National Planning Framework 3: monitoring report

Progress of the 30 key actions and 14 national developments listed in the third National Planning Framework.

1. Introduction

Scotland’s National Planning Framework sets out a spatial strategy to guide future development and land use over the next 20 to 30 years. National Planning Framework 3 (NPF3)[1], our current strategy, was published in 2014, following extensive public engagement and full scrutiny by the Scottish Parliament. It aims to make Scotland: 

  • a successful, sustainable place “We have a growing low carbon economy which provides opportunities that are more fairly distributed between, and within, all our communities. We live in high quality, vibrant and sustainable places with enough, good quality homes. Our living environments foster better health and we have reduced spatial inequalities in wellbeing. There is a fair distribution of opportunities in cities, towns and rural areas, reflecting the diversity and strengths of our unique people and places.”
  • a low carbon place “We have seized the opportunities arising from our ambition to be a world leader in low carbon energy generation, both onshore and offshore. Our built environment is more energy efficient and produces less waste and we have largely decarbonised our travel.”
  • natural, resilient place “Natural and cultural assets are respected, they are improving in condition and represent a sustainable economic, environmental and social resource for the nation. Our environment and infrastructure have become more resilient to the impacts of climate change.”
  • a connected place “The whole country has access to high-speed fixed and mobile digital networks. We make better use of our existing infrastructure, and have improved internal and international transport links to facilitate our ambition for growth and our commitment to an inclusive society.”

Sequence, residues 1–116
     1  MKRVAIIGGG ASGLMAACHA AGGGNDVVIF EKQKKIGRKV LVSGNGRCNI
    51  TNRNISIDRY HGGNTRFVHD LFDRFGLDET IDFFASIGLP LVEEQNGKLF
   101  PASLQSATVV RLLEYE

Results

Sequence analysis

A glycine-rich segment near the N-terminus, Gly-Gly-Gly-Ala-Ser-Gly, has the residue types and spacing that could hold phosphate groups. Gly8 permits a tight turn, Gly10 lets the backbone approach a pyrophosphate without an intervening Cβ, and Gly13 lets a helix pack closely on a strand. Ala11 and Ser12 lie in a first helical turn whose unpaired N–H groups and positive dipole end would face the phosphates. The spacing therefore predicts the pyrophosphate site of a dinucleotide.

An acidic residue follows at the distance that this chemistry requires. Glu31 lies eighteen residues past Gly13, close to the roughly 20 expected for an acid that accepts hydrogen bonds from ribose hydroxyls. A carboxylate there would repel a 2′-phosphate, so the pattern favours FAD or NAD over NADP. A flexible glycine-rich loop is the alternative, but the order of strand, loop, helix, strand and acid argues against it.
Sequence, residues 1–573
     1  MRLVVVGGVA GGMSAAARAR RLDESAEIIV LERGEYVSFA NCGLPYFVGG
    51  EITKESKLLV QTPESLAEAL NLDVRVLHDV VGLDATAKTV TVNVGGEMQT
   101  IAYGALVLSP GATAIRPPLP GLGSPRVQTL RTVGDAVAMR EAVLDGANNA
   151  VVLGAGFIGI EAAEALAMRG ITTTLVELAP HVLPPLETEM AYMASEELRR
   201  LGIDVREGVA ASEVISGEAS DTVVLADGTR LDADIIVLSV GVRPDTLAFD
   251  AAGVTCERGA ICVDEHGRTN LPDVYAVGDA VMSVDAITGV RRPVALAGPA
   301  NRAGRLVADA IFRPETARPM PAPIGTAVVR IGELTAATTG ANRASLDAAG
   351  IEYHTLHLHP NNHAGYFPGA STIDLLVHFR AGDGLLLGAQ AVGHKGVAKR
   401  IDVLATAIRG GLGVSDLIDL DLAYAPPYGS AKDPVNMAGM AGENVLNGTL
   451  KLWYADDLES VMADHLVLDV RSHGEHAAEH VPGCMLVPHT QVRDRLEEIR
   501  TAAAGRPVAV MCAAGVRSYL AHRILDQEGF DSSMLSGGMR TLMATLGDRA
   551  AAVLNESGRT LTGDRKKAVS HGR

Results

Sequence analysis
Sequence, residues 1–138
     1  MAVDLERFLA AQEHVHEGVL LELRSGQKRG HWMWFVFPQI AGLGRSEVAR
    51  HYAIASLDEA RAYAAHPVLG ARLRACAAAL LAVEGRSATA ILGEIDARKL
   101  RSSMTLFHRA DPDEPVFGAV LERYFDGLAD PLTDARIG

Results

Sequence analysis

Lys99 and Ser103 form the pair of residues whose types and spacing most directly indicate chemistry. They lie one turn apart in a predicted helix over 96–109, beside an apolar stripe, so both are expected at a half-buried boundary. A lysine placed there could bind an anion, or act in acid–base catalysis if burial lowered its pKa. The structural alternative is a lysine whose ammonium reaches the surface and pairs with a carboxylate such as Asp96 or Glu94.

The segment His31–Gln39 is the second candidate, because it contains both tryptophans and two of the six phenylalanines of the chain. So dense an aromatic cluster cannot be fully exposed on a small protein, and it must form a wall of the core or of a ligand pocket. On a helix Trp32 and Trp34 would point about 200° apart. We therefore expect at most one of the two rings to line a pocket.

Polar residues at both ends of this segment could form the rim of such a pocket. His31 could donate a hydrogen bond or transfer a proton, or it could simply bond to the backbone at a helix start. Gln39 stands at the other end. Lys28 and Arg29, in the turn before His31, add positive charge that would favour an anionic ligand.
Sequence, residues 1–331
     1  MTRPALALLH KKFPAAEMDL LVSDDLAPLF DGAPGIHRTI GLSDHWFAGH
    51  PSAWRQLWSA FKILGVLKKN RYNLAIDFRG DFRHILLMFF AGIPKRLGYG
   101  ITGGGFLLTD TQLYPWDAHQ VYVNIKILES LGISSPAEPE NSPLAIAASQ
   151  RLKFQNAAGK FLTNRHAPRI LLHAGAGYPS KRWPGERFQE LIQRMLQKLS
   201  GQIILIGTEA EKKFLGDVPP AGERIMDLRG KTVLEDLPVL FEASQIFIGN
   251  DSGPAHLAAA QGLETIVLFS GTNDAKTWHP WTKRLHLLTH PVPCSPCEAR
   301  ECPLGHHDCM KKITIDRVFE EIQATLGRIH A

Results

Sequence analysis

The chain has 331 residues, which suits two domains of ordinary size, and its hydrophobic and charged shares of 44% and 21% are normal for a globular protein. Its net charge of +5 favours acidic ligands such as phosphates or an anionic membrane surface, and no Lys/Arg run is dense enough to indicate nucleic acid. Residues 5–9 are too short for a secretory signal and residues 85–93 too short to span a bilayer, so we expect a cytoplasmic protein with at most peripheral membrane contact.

Cover Example

To deliver these outcomes, the spatial strategy aims to build on and enhance the unique assets of Scotland’s city-regions, rural areas, coast and islands. The approach seeks to narrow disparities in well-being and opportunity and reduce regional inequality. It also reflects the need to respect and enhance the quality of environment, place and life which makes Scotland a special place. 

Evidence base

The National Planning Framework 3 is a long-term strategy which includes aspirational proposals as well as investment-ready projects. Progress towards delivery of its various actions and developments has varied over the five years since its adoption. Some of the actions have been completed, while some infrastructure projects have not yet come forward but remain consistent with our policy aims. Other priorities have shifted and new challenges have emerged.

Since 2014, we have maintained an online Action Programme for National Planning Framework 3[2]. Focusing on the strategy’s 4 key themes, 30 key actions and 14 national developments, it has been regularly updated to reflect progress towards delivery. This report uses the Action Programme information to summarise progress towards delivering the outcomes identified in the National Planning Framework 3. In addition, broader social, economic and environmental information and policy help to explain the changing context over the last five years. National outcomes and national spatial planning indicators[3] have been referred to where appropriate. Strategic Environmental Assessment (SEA) monitoring information has also helped to inform the content of this report. The information provided in this report was largely gathered in 2018 and through the winter of 2018-2019.



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